Preparing a dynamic budget

To prepare a dynamic budget, you need to have a master budget already prepared and understand the behavior of your costs — this signifies making a perfect distinction between fixed, variable and semi-variable costs.

You also need to identify the real volume of the items produced and sold and have to make an estimate of your planned revenues to determine how much money you’ll need on hand.

Later you should compare this budget to your previous expenses, costs and revenues to determine the relevance of your dynamic budget. In addition, you need to reevaluate it periodically.

A practical example

Company WYZ wants to prepare a dynamic budget to make monthly comparisons between its real and budgetary values. The organization is projecting the following costs:

 Variable Costs $  Fixed Costs/Month $
Indirect materials  1.10 Depreciation 12,000
Indirect labor  1.50 Supervision  8,000
Commissions  0.80 Maintenance  40,000

It wants to project its costs for various levels of activity, reaching initial volumes of 9,000 and 11,000 units/month for products A and B.

Products A B Total
Sales/Unit 9,000 11,000 20,000
Variable costs
Indirect materials  1.10  9,900.00  12,100.00  22,000.00
Indirect labor  1.50  13,500.00  16,500.00  30,000.00
Commissions  0.80  7,200.00  8,800.00  16,000.00
Total Variable Costs  30,600.00  37,400.00  68,000.00
Fixed costs
Depreciation  6,000.00  2,700.00  3,300.00  6,000.00
Supervision  5,000.00  2,000.00  3,000.00  5,000.00
Maintenance  20,000.00  9,000.00  11,000.00  20,000.00
Total Fixed Costs  31,000.00  9,000.00  11,000.00  20,000.00
Total Costs  39,600.00  48,400.00  88,000.00

Preparation of the static budget

To prepare a static budget, it is necessary to follow the same steps of the elaboration of the dynamic budget, but without determining the different levels of activities.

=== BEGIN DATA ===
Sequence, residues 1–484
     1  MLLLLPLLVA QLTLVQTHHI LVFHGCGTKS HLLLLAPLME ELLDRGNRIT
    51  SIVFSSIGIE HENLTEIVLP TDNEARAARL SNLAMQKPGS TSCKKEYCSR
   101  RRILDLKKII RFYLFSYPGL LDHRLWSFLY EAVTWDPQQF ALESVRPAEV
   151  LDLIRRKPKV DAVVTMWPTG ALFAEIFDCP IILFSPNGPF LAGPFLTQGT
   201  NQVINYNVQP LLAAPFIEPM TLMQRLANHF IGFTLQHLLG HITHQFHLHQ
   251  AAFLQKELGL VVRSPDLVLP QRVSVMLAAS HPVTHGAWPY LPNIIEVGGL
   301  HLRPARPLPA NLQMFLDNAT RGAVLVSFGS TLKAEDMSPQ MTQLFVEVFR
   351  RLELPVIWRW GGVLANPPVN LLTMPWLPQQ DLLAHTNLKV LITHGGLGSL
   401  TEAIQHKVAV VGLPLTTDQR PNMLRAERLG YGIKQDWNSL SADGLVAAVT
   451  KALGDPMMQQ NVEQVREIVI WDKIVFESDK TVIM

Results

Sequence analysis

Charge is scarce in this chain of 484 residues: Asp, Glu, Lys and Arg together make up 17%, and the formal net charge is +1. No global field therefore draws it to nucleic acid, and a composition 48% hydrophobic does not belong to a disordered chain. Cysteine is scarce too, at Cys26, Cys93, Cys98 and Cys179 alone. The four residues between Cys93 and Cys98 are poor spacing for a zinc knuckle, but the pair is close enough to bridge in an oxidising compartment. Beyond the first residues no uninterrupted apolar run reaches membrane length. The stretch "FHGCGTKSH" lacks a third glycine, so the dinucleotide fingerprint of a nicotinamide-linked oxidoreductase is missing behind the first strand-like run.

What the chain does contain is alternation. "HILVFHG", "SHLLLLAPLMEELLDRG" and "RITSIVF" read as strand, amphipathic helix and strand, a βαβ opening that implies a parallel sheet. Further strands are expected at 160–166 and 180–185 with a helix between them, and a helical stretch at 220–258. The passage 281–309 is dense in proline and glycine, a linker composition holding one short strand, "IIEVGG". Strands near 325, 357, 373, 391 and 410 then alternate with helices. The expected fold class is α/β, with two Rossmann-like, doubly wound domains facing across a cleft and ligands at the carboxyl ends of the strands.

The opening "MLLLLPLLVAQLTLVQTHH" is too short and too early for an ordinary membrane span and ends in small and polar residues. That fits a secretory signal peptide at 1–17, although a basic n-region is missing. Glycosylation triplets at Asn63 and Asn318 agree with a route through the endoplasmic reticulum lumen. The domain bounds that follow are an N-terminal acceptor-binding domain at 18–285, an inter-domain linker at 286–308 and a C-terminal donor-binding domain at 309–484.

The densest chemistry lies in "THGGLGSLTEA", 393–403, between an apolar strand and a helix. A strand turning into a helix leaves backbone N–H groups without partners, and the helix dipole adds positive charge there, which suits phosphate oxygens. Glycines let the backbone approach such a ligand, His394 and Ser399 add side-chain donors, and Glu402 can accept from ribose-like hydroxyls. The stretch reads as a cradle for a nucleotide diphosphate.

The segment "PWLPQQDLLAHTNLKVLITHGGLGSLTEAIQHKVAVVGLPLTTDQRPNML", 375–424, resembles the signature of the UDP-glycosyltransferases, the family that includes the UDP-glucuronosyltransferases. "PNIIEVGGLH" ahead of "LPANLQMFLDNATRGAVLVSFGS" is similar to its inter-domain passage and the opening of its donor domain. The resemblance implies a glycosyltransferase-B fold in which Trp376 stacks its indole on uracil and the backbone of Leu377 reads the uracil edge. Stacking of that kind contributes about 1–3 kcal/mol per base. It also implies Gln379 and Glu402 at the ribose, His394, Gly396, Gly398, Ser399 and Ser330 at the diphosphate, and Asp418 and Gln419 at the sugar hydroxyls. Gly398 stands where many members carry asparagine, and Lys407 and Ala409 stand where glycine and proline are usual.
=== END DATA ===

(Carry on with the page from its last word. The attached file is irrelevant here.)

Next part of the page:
Therefore, the company checks what its availabilities are and what the results of the last completed budget were. After that, the revenue forecast is established, including variable fixed costs and other potential additional expenses.

Other budget types

Zero-based budgeting

As the name suggests, the basis for this type of budget is zero for both turnover and revenue. From this, the forecasts are made and indicators and limits are established.

One of the main advantages of zero-based budgeting is that it prevents past mistakes from continuing, because, in its preparation, every point of the business is reviewed.

In fact, it is not possible to count on the historical availabilities to increase it. Therefore, it is also a good additional control tool when using the static or dynamic budget.

Matrix budget

In this format, expense groups are created and managers for each of them are set. For example, it is possible to have groups of:

  • marketing and sales;
  • purchasing and logistics;
  • administrative routines;
  • personnel department and Human Resources.

The main positive aspect of the matrix budget is its ability to maintain a more strategic funds management. For example, when creating a marketing and sales group, the manager of this spending package can change the availability for each part, within the whole intended for the group, to extract the best possible result from the overall value of its matrix.

A well-planned budget can make the organization’s operation much easier – even with a certain degree of complexity, it is a great tool for the success of the budget process.

But before that, it takes a lot of analysis to understand which kind of control is better for the company in question and whether another type of additional budget is needed to have more strategic and reliable management.

Now that you already know how the static budget, the dynamic budget and other options work, learn how artificial intelligence applied to finances can help the management of the company and its numbers, as well as provide more security to operations.